HACKENSACK, N.J., Jan. 17, 2018 /PRNewswire-USNewswire/ -- Parent Project Muscular Dystrophy (PPMD), a nonprofit organization leading the fight to end Duchenne muscular dystrophy (Duchenne), announced that the first Duchenne patient has been dosed with microdystrophin gene therapy by Dr. Jerry Mendell, Dr. Louise Rodino-Klapac, and their team at Nationwide Children's Hospital. This trial was funded in part by a $2.2 million grant from PPMD in early 2017 as part of the organization's Gene Therapy Initiative.
Duchenne muscular dystrophy is the most common fatal genetic disorder diagnosed in childhood, affecting approximately one in every 5,000 live male births.
This $2.2 million grant marks the largest single award in PPMD's almost 23 years. PPMD has a long history of supporting early-stage, innovative research, providing funding at a critical moment in a therapy's development. Gene therapy has been explored for years as a possible therapeutic approach to treating Duchenne. Only recently, though, have advances in science and technology made it seem like a viable treatment option for Duchenne.
According to PPMD founding President and CEO, Pat Furlong, "This is a monumental day in the Duchenne community, a day that 24 years ago when we started Parent Project Muscular Dystrophy, we didn't think possible. We are so grateful to the drive and passion of Dr. Mendell, Dr. Rodino-Klapac, and the Nationwide Children's team. We will learn a lot from this study, including answers to questions around the production of sufficient virus, understanding and preventing an immune response, and how to deliver gene therapy systemically. But for now, we are celebrating the first dosing of a Duchenne patient with microdystrophin gene therapy and we are celebrating the bravery of the little boy and his family participating in this breakthrough trial."
"Bringing this to clinical trial has been an extended process working with a team of researchers at Nationwide Children's Hospital," according to Dr. Mendell and Dr. Rodino-Klapac. "The laboratory studies were guided by a careful hand in validating the potential for efficacy for adeno-associated virus delivery in clinical trial. The vector manufacturing facility was responsible for bringing a safe virus carrying the micro-dystrophin gene to the clinic. The regulatory team conveyed all of the proof of principle studies and careful safety data to the RAC, IRB, and FDA, allowing this clinical trial to move forward. The first injection of the virus carrying a modified DMD gene to clinical trial, made over a decade of research a gratifying experience."
Last year, Sarepta Therapeutics, Inc. (NASDAQ: SRPT), a commercial-stage biopharmaceutical company focused on the discovery and development of precision genetic medicines to treat rare neuromuscular diseases, provided monetary and other support to this project through a research and option agreement with Nationwide Children's.
"After years of dedicated and expert work by Nationwide Children's Hospital and Drs. Mendell and Rodino-Klapac, and with the support of PPMD, we stand at a potentially transformational moment in our quest to profoundly alter the course of DMD and create a brighter future for these children," said Douglas Ingram, Sarepta's president and chief executive officer.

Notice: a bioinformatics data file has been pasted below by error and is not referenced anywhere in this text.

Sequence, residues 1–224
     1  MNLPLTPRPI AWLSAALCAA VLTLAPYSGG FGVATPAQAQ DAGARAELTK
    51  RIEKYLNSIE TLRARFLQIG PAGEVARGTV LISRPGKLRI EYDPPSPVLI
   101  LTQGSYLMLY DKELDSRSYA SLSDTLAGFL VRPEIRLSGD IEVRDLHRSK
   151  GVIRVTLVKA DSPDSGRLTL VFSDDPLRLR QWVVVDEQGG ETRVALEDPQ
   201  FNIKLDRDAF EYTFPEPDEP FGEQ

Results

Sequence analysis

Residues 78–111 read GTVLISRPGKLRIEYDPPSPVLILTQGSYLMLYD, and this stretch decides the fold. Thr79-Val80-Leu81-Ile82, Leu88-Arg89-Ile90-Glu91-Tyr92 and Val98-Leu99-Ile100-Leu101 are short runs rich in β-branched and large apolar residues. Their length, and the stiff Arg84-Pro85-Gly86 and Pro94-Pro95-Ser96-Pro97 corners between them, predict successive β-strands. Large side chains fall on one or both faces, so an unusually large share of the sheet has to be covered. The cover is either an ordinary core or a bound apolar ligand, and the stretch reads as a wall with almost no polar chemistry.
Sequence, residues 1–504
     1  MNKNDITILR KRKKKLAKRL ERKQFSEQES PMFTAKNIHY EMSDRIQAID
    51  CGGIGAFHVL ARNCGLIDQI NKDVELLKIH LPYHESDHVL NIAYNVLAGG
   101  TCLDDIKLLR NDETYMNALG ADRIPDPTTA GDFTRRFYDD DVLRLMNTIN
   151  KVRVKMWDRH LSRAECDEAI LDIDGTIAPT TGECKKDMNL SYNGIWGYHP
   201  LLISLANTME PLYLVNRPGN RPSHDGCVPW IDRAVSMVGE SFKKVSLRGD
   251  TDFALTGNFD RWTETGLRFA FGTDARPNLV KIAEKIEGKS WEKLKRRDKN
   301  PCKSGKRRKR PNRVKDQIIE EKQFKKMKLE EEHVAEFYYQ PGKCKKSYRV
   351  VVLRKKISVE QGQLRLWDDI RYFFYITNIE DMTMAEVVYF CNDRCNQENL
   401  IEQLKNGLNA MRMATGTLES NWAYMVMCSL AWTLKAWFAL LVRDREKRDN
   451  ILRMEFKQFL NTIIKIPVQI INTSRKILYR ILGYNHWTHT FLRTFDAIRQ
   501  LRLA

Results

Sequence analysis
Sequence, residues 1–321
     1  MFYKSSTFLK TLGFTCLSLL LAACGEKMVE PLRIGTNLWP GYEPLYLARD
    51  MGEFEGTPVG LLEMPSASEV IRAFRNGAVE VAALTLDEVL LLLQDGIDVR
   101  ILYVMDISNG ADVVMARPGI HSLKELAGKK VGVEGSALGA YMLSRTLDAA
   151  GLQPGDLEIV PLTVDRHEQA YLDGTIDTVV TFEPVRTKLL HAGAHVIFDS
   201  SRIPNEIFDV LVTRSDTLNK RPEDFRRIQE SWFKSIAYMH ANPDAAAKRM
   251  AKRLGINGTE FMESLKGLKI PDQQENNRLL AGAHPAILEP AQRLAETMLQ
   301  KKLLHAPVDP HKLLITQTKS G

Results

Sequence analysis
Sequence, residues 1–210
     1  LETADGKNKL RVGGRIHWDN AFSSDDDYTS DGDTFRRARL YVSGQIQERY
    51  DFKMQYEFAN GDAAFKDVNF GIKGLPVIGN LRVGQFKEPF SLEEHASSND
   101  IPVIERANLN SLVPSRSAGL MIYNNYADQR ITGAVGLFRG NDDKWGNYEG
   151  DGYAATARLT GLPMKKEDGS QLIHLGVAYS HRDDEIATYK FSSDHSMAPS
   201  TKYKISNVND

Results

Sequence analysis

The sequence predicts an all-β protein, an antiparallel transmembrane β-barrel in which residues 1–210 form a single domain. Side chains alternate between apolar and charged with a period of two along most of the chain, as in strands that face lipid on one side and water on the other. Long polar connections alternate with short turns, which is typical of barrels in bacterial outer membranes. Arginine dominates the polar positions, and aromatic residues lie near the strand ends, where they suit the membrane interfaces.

Mr. Ingram continued, "Sarepta is the world leader in precision genetic medicine to treat DMD, spanning RNA-targeted therapies, gene therapy, and gene editing. In service of our mission to profoundly improve the lives of those with DMD, we look forward to the preliminary results from this study by mid-2018 and, results permitting, stand ready to aggressively invest in bringing this therapy to reality and to the DMD community."
The young patient continues to do well. It is believed that it takes several days for the virus to deliver the payload and fully integrate into heart and muscle cells. He will of course be closely monitored and PPMD hopes to learn more at the organization's Annual Conference in Arizona this June.
The PPMD grant will help support the manufacturing and clinical costs of the study for trial participants. The award is milestone driven, based on regulatory interactions, vector manufacturing, and patient dosing and follow-up. Last fall, Dr. Mendell and Dr. Rodino-Klapac had successful regulatory interactions laying out the path to bring this study to clinical trial and vector manufacturing is on schedule.
The $2.2 million grant to Nationwide Children's Hospital, Dr. Mendell, and Dr. Rodino-Klapac was made possible in part by the generous support of additional Duchenne foundations, including: Team Joseph, Team Saij, The Fund for Pete's Sake, Rashad's family, and the Nicholoff family. PPMD is grateful for their partnership.
Duchenne is a fatal genetic disorder that slowly robs people of their muscle strength. Parent Project Muscular Dystrophy (PPMD) is the largest most comprehensive nonprofit organization in the United States focused on finding a cure for Duchenne muscular dystrophy—our mission is to end Duchenne.
We invest deeply in treatments for this generation of people affected by Duchenne and in research that will benefit future generations. We advocate in Washington, DC, and have secured hundreds of millions of dollars in funding. We demand optimal care, and we strengthen, unite and educate the global Duchenne community.
Everything we do—and everything we have done since our founding in 1994—helps people with Duchenne live longer, stronger lives. We will not rest until every person has a treatment to end Duchenne. Go to www.ParentProjectMD.org for more information or to learn how you can support our efforts and help families affected by Duchenne. Follow PPMD on Facebook, Twitter, and YouTube.